What to do When You Can't Write at Coffee Shops

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Conor Friedersdorf just posted a great, thoughtful piece on why telecommuters work more efficiently in coffee shops: there are some, but not too many, distractions; it doesn't feel like work if you're out of the office; you can't stay forever, so the time pressure subtly encourages productivity. How I wish I could count myself among these fortunate souls! But I can't. Whether due to genetic predisposition or some obsessive-compulsive disorder or an awful curse, I can only write (decently) when there is utter and absolute silence. For all the reasons Conor laid out, I wish this wasn't so. For some time, I longed to be a coffee-house writer, and worked diligently to become one. In my early freelance days, I tended bar with an aspiring screenwriter who'd been counseled by an actual, successful screenwriter to force himself to write in a noisy bar--because if you can train yourself to write with loud music and drunk people around, you can write anywhere.


That struck me, at the time, as a brilliant insight. We worked in a loud, cheesy college bar, and as bars go, the noise/commotion level doesn't get any higher than at cheesy college bars. So this briefly struck me an added advantage, a stroke of good fortune. Guess what? It didn't work. I mostly sat there like a moron with laptop and developed a pounding headache. The noise made it impossible to concentrate. So did the drunk people who stumbled up and asked, not unreasonably, what the hell I was doing. I stuck it out for an hour the first night. The second night, I lasted five minutes and quit. I don't recommend it.

Since then, I've had a fascination-bordering-on-mania with writers who go to the other extreme--who seek the purest silence they can find to hear their inner voice. Here's what I've learned about how to achieve it:

FOAM EARPLUGS. Buy some. They're cheap. They work great. They're disposable. I like them so much that I get tempted to use them in public settings where they would seem odd, like Atlantic editorial meetings coffee shops and buses. Let this Slate piece be your buyers' guide.

BOSE NOISE CANCELING HEADPHONES. I was late in discovering these. They're terrific, too. Also good for music. And conveniently available at any Mac store. I can no longer fly on an airplane without them. And they're an utterly ordinary accoutrement, so you can wear them places ear plugs might seem odd.

USE BOTH. I'm sure this is psychosomatic, but every once in a while, when I'm really having trouble writing, I'll use both at the same time. Bose headphones are the over-the-ear type, and do a nice job of hiding the ear plugs, so you won't look like a total psychopath.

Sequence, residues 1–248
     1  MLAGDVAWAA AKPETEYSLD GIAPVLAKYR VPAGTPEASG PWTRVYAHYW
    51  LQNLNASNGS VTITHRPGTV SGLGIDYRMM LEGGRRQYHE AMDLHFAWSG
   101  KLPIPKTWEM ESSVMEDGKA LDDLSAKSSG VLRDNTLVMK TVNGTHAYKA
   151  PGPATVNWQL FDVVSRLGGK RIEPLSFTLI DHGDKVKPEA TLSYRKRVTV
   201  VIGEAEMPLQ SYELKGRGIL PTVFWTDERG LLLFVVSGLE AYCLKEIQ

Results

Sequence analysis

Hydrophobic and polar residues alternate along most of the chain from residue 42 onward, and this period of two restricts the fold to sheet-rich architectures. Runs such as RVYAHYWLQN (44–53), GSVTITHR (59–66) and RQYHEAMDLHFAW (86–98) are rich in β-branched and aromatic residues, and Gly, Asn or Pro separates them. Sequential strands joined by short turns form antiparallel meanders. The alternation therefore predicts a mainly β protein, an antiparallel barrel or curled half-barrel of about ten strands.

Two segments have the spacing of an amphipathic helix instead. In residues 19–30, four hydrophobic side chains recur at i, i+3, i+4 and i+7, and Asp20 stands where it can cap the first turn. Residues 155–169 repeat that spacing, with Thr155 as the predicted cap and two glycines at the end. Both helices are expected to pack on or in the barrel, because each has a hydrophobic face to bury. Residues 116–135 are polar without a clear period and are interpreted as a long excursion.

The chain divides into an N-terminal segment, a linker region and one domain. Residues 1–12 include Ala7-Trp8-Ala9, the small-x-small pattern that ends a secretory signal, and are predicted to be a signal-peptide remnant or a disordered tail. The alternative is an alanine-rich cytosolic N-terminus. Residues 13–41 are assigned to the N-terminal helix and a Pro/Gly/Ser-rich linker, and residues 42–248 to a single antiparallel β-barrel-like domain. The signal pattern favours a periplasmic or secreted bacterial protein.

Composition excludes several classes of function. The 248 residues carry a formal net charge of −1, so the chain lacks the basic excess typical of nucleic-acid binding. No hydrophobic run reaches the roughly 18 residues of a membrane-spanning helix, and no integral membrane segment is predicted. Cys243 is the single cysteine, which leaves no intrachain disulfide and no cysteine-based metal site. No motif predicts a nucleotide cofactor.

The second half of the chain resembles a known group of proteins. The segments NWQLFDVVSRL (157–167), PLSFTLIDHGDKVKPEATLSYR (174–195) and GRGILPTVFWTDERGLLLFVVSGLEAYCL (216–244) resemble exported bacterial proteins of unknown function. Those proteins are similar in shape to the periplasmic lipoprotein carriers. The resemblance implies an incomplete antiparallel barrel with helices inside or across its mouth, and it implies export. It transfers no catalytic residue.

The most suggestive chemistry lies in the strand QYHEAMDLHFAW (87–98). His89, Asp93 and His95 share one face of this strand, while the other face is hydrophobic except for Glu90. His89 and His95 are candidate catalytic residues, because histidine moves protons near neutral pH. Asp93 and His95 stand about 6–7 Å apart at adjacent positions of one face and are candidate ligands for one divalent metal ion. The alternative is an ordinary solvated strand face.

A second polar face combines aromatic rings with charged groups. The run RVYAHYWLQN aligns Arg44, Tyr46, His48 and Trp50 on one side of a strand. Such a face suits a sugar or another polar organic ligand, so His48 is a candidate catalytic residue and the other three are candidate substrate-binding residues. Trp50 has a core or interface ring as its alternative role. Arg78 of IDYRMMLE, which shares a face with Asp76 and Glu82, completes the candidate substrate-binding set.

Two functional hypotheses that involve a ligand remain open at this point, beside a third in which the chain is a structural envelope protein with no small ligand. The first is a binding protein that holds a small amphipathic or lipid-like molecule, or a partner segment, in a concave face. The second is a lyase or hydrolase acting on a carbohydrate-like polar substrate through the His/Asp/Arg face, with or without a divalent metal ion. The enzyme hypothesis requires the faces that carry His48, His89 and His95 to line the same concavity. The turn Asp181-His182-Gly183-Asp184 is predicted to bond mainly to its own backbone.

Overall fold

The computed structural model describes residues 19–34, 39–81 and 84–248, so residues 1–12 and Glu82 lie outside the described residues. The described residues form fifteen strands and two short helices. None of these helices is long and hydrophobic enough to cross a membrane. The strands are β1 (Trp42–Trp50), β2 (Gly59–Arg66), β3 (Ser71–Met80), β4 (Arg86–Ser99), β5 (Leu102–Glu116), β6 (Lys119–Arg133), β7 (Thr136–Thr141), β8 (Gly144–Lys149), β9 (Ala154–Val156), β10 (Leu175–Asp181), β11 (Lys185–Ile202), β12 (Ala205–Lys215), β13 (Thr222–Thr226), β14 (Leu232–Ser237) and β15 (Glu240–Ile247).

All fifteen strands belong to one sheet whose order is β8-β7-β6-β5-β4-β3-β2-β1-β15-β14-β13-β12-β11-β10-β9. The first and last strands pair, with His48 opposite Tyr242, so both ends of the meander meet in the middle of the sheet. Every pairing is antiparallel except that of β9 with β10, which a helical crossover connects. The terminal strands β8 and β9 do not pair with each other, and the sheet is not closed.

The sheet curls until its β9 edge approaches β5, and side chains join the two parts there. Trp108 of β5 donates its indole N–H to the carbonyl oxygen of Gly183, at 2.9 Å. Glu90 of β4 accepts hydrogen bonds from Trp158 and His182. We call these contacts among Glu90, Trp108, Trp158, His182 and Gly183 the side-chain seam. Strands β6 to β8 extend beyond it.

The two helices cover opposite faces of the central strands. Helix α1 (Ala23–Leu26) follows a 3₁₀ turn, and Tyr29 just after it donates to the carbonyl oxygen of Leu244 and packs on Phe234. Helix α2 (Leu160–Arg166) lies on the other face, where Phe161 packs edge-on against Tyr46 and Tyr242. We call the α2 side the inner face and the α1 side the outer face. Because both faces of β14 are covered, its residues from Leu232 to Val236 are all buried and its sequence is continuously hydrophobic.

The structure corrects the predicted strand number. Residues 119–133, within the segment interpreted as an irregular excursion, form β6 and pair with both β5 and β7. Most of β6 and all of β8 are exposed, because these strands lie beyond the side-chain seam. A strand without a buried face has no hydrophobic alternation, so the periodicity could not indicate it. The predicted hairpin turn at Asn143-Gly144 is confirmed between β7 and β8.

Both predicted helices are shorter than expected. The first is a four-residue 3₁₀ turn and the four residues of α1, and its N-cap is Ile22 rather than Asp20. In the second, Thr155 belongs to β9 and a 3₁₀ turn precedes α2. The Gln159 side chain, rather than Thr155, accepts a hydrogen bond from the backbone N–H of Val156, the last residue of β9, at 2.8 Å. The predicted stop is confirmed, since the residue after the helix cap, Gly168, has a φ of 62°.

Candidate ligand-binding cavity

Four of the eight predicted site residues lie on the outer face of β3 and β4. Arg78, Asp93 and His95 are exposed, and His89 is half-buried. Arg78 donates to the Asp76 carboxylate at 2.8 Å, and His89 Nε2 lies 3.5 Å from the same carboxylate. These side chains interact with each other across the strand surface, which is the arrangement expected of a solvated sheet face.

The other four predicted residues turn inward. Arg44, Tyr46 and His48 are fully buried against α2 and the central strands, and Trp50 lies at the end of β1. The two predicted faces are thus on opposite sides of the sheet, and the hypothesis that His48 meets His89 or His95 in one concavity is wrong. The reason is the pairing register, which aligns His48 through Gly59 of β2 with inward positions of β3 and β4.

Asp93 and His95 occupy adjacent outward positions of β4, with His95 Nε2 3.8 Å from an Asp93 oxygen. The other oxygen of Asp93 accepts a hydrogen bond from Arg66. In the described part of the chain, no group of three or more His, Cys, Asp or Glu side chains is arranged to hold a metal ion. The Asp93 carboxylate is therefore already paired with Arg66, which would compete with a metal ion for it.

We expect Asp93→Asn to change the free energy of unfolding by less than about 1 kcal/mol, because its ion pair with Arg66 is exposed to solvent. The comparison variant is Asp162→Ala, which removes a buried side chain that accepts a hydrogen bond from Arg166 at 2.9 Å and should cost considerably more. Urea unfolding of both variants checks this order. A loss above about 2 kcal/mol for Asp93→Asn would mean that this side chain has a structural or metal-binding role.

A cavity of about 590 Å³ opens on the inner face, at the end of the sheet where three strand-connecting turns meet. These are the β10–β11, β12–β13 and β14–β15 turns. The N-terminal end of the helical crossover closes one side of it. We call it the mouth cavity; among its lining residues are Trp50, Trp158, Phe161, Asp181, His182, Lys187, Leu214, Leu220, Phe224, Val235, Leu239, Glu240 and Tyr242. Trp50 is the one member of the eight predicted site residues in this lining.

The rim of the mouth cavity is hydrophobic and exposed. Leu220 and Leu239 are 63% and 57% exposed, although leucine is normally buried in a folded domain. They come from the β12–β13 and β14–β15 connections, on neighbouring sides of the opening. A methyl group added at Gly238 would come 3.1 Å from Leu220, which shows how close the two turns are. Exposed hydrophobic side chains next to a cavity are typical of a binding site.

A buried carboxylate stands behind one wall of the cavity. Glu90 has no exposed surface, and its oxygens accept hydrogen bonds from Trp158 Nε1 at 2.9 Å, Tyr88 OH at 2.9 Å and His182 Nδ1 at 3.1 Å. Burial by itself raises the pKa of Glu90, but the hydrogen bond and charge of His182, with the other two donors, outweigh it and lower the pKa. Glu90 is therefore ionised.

MIMIC FAMOUS WRITERS. I used to think that doubling up like that was totally weird--and please, spare me your mockery--but then someone mentioned to me that Jonathan Franzen and David Foster Wallace each had silence fixations when they wrote. Although this is only hearsay, so far as I know, part of the story as it was related to me was that Wallace would put in ear plugs, cover them with ear muffs, and wrap his head in a towel, then go out to his garage to write [Update: This is probably the source of the tale, which would make Franzen, not Wallace, the ear plug-and-ear-muff guy. Thanks to reader C.S.] Again: that is quite possibly apocryphal. But I have to admit, I've been tempted.
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Update: For further, encouraging reading on this subject, I recommend the lede of this Jonathan Franzen profile just forwarded to me:

Some days, Jonathan Franzen wrote in the dark. He did so in a spartan studio on 125th Street in East Harlem, behind soundproof walls and a window of double-paned glass. The blinds were drawn. The lights were off. And Franzen, hunched over his keyboard in a scavenged swivel chair held together with duct tape, wore earplugs, earmuffs and a blindfold. ''You can always find the 'home' keys on your computer,'' he says in an embarrassed whisper, explaining how he managed to type under such constraints. ''They have little raised bumps.''

For Franzen, this is the imagination's price, the arduous means by which he conjures a fictional world and reproduces it on the page. ''It's very, very hard to concentrate,'' he says. ''You have to hold your mind free of all the clichés.''

The days spent wrapped in a blindfold were bad enough. Most, however, were even worse. There were days that simply vanished, hundreds of hours lost to solitary hands of bridge, idle fiddling with power tools, gratuitous afternoon naps. There were evenings that disappeared as well, washed down with shots of vodka and followed by sleepless nights. There were flashes of inspiration succeeded by months of despair. There were false starts, wrong turns and page after page that had to be thrown away. ''Awful, awful,'' is how Franzen sums up a typical day from the last several years of his life.

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Joshua Green is a former senior editor at The Atlantic.

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